Kirwan’s Lane contains many relics of 16th and 17th century architecture. It is located in the centre of the area that was originally within the city walls, and is named after one of Galway’s fourteen “tribes” – the families who ruled the town for several centuries. Its complete restoration has pumped life back into the heart of the historical town centre. Now home to cafes, restaurants and craft-shops, the lane captures the atmosphere of old Galway.
Galway’s most important medieval street is home to Busker Browne’s Pub which contains part of the ‘Slate Nunnery’, given to the Dominican nuns in 1686 by John Kirwan. Further down the lane is were Wolfe Tone played in the little theatre founded by ‘Humanity’ Dick Martin in the 18th century.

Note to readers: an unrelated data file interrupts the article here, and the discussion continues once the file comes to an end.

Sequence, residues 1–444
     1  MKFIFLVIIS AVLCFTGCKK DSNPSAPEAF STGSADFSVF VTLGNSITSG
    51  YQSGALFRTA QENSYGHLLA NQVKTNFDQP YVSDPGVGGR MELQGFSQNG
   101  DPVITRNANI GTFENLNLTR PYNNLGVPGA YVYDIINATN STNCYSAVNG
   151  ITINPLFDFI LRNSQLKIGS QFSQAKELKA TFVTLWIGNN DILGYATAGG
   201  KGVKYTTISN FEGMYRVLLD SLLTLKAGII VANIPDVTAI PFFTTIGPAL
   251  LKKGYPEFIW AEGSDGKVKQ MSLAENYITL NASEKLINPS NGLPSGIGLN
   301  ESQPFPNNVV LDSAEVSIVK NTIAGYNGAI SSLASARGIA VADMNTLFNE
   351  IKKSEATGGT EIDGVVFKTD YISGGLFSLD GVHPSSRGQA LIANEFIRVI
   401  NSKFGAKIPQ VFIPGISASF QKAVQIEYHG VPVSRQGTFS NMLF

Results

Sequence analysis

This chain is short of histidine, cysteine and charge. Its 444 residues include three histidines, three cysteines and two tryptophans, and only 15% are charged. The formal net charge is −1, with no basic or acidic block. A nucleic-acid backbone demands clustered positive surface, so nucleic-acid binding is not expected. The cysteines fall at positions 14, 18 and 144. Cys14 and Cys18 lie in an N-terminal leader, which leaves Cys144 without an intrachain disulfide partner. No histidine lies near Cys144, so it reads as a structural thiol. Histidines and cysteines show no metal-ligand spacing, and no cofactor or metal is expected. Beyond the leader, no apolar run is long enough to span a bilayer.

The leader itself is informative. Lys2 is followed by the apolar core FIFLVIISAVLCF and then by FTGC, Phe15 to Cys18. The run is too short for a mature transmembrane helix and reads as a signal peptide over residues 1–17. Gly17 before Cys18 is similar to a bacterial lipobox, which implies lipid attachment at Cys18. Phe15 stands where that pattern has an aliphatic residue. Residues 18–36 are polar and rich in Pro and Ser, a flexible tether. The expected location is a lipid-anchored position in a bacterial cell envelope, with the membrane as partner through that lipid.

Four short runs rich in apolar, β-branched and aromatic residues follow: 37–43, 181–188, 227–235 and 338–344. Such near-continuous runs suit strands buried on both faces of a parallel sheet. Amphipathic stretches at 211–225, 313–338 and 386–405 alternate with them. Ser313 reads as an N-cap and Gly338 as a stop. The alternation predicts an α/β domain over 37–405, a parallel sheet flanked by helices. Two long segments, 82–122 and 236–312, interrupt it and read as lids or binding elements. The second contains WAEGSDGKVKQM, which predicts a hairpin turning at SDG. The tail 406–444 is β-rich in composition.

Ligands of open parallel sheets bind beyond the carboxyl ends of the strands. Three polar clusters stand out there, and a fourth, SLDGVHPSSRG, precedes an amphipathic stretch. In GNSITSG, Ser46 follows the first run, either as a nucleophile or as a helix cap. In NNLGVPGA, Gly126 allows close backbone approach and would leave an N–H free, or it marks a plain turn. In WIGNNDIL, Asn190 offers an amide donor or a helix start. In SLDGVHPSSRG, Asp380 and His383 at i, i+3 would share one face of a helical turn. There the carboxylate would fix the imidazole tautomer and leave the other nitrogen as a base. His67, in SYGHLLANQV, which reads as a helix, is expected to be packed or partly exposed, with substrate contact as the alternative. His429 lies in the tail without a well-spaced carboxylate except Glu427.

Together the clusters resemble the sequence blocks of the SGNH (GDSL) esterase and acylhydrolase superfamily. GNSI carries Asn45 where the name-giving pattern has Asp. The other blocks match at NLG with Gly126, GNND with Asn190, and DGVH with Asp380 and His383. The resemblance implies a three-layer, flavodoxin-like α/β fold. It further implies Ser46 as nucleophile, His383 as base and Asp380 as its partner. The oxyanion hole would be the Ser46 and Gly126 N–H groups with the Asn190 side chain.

The Lane, which stood in ruins for many years, has been recently revamped and restored to its former splendor. It was here in the late 18th century that Richard Martin built a 100 seat theatre for his wife. The theatre saw many acclaimed performances in its day, and among those to tread the boards were the rebel patriot, Theobald Wolfe Tone, Richard Martin himself, and his wife. Other notable buildings on the Lane were two nunneries. Kirwan’s Lane is now home to a number of unique craft shops, including Design Concourse Ireland, which features the best of Irish craftwork.